Rick Stansberger (email@example.com)
Sun, 12 Nov 2000 17:29:07 -0700
Kristin, if you want an old-fashioned legal argument, try child abuse. If you
as a parent made your kid get naked and shower with strangers (standard practice
in gym), or if you undermined her self-respect by calling her sick (LD, ADD,
ADHD, ODBD), or if you made her raise her hand in your home before she could go
to the bathroom, or if you made her stop what she was doing every 50 minutes and
do something else -- they'd put you in the slam. I'm surprised that no one has
gone after schools on the same grounds school officials have used to go after
parents. You don't have to stop with simple abuse. You can go for neglect.
Since the schools are so deadly inefficient at educating kids when there are
obviously better alternatives around, that's neglect of monumental proportions.
Also, if you're going to engage in a protracted fight, keeping one's sense of
humor is essential. It's like the kids learn by playing the dozens. The one
who loses his temper -- loses.
Kristin Harkness wrote:
> Rick, with all due respect, you pick your tactics and I'll pick mine. While
> I have a wild sense of humor, this situation just doesn't tickle my funny
> bone. But if I hear of any knee slappers on the subject, I'll be sure to
> post them for your repertoire. Me, I'm looking for good old fashioned legal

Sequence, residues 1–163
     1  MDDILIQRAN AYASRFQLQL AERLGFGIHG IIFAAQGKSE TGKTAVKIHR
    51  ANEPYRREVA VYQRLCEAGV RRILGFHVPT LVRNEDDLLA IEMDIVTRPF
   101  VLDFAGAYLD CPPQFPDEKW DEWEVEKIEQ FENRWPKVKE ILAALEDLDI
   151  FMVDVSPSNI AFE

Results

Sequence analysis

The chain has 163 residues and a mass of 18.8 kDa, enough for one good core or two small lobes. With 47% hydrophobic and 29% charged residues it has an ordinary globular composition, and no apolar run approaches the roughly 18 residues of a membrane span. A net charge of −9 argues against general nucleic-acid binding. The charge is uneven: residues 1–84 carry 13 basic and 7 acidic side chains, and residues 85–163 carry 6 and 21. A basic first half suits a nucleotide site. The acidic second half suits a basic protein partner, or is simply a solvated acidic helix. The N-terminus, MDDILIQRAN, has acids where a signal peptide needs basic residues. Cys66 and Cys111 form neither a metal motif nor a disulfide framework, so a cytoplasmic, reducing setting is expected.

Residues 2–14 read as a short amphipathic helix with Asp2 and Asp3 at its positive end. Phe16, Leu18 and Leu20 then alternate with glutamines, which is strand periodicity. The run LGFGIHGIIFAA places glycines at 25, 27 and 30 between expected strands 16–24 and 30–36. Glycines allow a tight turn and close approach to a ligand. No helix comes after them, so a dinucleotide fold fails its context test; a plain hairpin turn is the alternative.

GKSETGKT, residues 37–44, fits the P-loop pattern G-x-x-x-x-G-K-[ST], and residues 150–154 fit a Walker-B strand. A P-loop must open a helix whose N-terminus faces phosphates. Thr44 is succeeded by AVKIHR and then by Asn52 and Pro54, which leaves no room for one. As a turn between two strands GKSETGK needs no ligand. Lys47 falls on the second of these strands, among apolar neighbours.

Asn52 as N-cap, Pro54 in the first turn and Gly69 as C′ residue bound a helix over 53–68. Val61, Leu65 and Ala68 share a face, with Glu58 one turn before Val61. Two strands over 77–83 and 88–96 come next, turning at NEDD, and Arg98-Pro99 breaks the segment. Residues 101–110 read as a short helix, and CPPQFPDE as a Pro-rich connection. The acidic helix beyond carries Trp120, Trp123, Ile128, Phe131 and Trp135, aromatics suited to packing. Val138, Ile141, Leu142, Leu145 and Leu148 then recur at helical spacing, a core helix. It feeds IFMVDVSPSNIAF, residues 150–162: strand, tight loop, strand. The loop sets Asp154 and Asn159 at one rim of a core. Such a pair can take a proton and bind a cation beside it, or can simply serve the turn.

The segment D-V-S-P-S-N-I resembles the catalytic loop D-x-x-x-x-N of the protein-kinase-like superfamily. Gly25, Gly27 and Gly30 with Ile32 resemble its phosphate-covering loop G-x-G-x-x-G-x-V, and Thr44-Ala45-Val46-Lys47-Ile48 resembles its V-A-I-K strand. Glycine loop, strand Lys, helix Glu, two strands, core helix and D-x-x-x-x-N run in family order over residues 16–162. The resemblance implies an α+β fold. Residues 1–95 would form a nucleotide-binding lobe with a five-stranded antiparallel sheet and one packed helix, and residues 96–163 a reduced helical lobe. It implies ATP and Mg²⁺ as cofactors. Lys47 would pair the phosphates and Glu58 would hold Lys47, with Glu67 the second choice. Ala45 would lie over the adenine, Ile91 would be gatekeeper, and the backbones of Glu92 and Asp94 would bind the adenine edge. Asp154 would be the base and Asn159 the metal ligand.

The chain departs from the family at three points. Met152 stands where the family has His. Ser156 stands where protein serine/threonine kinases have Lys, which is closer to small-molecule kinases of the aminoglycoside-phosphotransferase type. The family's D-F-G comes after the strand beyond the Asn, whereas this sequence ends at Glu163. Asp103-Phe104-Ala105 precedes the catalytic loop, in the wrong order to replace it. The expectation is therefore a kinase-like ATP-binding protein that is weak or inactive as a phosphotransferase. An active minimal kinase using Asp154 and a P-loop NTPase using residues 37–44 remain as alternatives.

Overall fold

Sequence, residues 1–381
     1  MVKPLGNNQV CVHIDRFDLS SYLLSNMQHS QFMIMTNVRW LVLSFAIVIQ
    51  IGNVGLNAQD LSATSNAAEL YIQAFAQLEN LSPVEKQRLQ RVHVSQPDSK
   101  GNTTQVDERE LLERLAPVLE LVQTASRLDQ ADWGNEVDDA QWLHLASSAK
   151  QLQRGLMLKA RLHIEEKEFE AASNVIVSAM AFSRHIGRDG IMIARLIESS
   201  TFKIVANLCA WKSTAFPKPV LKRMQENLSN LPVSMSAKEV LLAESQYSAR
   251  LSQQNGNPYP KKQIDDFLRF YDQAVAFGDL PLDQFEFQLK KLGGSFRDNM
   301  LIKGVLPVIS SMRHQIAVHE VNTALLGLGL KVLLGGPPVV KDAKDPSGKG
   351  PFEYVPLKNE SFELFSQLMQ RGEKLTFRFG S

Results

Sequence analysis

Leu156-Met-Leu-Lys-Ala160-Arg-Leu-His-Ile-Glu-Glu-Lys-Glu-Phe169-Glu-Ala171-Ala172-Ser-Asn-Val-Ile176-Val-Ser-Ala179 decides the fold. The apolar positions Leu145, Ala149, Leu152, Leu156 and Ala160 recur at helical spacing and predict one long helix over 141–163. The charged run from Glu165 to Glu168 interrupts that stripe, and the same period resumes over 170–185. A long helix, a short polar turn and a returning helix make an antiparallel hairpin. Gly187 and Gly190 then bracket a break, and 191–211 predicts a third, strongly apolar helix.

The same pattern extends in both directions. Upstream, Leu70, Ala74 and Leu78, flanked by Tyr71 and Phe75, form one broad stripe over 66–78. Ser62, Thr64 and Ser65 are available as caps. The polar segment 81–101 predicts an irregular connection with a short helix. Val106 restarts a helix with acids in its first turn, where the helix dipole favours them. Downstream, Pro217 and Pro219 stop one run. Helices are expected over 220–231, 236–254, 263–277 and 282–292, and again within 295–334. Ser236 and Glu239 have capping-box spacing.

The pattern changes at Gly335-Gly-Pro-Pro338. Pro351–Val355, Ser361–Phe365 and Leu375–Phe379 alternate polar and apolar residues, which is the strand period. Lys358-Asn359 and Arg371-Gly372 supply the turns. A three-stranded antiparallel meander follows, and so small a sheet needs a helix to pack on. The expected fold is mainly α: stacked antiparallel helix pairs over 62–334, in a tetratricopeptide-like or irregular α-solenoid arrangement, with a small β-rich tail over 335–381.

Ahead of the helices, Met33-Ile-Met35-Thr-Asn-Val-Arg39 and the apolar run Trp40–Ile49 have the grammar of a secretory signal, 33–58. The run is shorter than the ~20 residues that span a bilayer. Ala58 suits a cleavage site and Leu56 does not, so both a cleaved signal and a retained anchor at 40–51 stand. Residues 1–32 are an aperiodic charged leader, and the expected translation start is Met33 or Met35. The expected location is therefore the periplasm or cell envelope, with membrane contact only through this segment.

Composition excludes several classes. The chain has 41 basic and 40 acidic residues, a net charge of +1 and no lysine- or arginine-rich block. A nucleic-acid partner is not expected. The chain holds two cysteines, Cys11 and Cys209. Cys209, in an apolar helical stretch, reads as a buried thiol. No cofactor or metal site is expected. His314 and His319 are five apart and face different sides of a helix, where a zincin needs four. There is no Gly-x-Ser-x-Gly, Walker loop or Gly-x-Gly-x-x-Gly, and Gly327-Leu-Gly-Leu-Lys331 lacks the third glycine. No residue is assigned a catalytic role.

> arguments as to how to dismantle an unjust assault on the civil liberties of
> this country's youngest citizens.
> Dawn Harkness
> -----Original Message-----
> From: Rick Stansberger <firstname.lastname@example.org>
> To: email@example.com
> Date: Sunday, November 12, 2000 2:43 PM
> Subject: Re: DSM: Civil rights vs Education
> >Kristin Harkness wrote:
> >> I believe
> >> the traditional educational system is fundamentally evil and morally
> >> indefensible.
> >Yeah, and you don't have to go there. It's also laughably inefficient.
> >Sudbury kids covered six years of school math in 20 classes, that showed
> this in
> >spades. Heck, anyone who has ever taught themselves about anything knows
> >clumsy the classroom approach is, except in very special cases. I think
> >win more converts to the cause by laughing at the factory schools for how
> >they are than for railing at them for how evil they are. Just a point of
-- "Weirdness abounds and shatters our illusion of order. Heh-heh. All the dust is being blown out from under the carpet. Wonderful stuff!"
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